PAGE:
Hong Kong police arrest two disqualified lawmakers - party

HONG KONG, April 26 (Reuters) - Hong Kong police on

Wednesday arrested two disqualified pro-independence legislators

for unlawful assembly over an effort to force their way into a

Legislative Council meeting in November, their political party

said.

Yau Wai-ching, 25, and Baggio Leung, 30, were picked up at

their homes early in the morning and taken to a police station

for questioning, their party, Youngspiration, said in a

statement.

Their assistants and a few volunteers were also arrested, it

added, without elaborating. The activists were still in the

police station on Wednesday afternoon.

Police did not immediately respond to a request for comment.

"There may be dark days ahead, there may be more arrests and

legal challenges but we shall struggle against evil on the

streets, in the courts, within the community and on every media

platform," Youngspiration said.

The democratically elected pair, who represent a new breed

of more radical activists moving into the political mainstream,

had their swearing-in oaths invalidated last October after they

used language deemed derogatory to China and displayed a banner

declaring "Hong Kong is not China".

The issue of independence, for long taboo, has gained

momentum since pro-democracy protests in late 2014, which

paralysed parts of the Asian financial centre, failed to wrangle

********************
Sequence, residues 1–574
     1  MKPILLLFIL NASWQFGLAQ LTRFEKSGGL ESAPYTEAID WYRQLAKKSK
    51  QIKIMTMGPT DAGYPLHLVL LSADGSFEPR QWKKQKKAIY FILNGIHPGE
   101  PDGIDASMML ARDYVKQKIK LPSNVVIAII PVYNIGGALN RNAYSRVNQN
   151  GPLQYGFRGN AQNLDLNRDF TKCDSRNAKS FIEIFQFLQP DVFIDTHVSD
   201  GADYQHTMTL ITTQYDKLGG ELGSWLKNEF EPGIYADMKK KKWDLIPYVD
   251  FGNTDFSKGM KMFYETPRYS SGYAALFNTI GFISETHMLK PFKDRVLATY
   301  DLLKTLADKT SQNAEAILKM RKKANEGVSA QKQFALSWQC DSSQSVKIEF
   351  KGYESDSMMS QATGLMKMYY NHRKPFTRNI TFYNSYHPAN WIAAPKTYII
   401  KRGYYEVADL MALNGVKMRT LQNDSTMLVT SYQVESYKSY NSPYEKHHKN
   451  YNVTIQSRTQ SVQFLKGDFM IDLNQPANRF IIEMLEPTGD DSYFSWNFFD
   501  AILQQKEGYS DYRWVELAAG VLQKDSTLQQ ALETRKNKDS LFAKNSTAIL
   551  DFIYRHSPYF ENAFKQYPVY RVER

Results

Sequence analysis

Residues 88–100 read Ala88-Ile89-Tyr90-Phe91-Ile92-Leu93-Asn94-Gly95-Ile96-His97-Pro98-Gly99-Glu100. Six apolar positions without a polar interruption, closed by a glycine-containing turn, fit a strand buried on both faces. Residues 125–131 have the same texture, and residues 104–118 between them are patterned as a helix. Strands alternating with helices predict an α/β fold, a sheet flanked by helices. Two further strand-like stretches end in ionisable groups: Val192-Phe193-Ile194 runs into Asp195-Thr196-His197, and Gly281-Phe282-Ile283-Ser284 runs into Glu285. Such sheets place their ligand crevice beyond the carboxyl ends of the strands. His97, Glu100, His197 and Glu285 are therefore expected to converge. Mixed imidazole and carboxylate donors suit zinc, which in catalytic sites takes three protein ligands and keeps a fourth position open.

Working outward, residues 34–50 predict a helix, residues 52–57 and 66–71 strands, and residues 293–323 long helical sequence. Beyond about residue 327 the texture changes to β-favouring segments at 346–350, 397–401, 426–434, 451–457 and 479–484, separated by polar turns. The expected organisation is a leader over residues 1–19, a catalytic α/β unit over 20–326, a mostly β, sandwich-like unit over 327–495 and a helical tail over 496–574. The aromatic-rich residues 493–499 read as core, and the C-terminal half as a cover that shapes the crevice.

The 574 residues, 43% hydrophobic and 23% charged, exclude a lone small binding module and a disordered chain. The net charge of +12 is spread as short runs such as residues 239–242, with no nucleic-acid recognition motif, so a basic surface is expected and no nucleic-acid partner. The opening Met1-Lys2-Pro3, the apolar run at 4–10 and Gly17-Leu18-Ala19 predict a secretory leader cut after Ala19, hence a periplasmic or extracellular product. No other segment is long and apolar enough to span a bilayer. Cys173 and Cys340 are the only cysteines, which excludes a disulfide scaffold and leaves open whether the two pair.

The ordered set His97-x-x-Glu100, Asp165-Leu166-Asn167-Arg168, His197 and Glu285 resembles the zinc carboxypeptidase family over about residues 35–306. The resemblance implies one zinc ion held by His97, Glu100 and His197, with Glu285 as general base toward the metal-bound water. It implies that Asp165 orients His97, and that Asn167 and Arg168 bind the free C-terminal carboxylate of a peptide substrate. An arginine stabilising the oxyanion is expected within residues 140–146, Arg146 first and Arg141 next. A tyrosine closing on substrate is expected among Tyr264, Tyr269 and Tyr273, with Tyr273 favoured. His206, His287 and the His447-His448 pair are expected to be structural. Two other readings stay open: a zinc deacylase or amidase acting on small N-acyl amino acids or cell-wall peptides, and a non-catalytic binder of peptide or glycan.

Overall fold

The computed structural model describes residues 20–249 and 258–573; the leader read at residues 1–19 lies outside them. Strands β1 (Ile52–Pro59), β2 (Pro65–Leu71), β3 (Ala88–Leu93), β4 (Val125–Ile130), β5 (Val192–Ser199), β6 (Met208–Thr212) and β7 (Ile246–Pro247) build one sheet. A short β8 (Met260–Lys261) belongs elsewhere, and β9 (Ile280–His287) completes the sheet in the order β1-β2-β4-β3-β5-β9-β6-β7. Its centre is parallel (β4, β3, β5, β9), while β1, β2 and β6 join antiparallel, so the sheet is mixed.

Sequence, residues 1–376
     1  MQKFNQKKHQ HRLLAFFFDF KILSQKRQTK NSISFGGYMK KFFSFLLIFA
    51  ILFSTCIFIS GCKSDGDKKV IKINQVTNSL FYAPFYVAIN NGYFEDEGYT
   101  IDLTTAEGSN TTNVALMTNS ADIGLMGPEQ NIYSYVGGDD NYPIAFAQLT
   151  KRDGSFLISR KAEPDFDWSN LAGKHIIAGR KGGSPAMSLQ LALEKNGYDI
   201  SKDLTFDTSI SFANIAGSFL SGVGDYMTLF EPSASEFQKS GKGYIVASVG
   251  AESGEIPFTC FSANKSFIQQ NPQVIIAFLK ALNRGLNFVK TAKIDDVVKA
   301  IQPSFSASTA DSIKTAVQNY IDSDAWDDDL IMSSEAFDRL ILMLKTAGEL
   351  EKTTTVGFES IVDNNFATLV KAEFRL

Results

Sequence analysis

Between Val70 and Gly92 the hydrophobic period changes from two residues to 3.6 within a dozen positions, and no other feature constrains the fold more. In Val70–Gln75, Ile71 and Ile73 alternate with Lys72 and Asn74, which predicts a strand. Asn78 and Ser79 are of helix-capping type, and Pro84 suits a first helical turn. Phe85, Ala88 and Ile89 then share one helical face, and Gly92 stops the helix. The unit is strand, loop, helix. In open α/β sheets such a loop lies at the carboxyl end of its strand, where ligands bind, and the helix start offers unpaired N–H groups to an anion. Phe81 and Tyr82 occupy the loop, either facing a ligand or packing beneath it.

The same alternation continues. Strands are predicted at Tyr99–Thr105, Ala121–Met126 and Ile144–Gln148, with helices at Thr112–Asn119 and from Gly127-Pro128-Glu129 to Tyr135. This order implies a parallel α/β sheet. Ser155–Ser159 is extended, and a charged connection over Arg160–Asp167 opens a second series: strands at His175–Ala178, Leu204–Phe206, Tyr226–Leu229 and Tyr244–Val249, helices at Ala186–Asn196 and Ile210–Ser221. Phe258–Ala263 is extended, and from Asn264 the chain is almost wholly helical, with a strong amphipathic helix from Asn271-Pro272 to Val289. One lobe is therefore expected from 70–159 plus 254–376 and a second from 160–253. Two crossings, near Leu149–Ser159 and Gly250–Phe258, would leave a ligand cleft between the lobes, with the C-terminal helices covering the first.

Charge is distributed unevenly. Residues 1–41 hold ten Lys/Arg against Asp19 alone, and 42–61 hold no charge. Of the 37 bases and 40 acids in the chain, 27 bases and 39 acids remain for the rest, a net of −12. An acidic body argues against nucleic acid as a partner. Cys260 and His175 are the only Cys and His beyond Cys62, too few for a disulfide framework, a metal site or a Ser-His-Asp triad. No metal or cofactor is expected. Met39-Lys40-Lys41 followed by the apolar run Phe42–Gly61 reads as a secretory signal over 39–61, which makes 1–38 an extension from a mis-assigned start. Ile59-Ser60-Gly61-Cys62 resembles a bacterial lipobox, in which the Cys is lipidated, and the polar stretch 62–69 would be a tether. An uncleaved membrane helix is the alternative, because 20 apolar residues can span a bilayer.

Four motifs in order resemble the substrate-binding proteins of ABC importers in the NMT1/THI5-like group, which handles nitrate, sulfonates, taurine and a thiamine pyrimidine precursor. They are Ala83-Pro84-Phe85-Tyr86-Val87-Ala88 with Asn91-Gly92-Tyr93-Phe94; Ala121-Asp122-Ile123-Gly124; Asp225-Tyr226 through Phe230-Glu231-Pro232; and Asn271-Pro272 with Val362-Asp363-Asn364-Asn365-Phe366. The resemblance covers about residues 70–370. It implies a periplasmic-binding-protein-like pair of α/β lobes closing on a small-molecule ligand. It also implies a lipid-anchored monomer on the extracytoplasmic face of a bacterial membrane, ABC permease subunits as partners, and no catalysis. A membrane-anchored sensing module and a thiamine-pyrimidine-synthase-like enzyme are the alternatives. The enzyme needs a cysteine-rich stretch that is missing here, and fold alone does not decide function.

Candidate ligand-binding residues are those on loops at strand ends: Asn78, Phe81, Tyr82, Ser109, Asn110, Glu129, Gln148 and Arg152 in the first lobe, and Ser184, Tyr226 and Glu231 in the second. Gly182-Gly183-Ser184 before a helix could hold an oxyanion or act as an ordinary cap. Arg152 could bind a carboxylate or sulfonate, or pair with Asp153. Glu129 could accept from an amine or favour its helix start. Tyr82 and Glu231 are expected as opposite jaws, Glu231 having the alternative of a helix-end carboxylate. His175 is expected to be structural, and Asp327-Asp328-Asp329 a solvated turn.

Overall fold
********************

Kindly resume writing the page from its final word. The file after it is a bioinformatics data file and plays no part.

concessions from Communist Party rulers in Beijing.

The detentions are likely to reinforce concern among

democracy activists about interference by Beijing in Hong Kong's

affairs, despite a system meant to guarantee the financial hub's

autonomy.

In March, nine leaders of the 2014 democracy protests were

charged with inciting the street occupation.

The nine were charged just a day after a new Beijing-backed

leader, Carrie Lam, was chosen as the city's next leader, seen

by many as a worrying sign after she had vowed to heal divisions

in the Chinese-ruled city and unite society.

In October, the president of the legislature delayed the

second swearing-in of Yau and Leung and temporarily banned them

from attending meetings, an unprecedented move that followed

weeks of pressure from factions loyal to Beijing.

China's parliament in November passed a ruling that

effectively barred the pair from taking office, Beijing's most

direct intervention in the territory's legal and political

system since the 1997 handover.

A Hong Kong court later disqualified the two from taking

office, ruling their oath of allegiance invalid.

Hong Kong, a former British colony, returned to China in

1997 under a "one country, two systems" agreement that ensured

its freedoms and wide-ranging autonomy, including a separate

legal system.

But Communist Party rulers in Beijing have ultimate control,

stepping in to interpret the Basic Law, Hong Kong's

constitution, and some residents are concerned they are

increasingly interfering to head off dissent.

(Reporting By Venus Wu; Writing by Anne Marie Roantree; Editing

by Robert Birsel)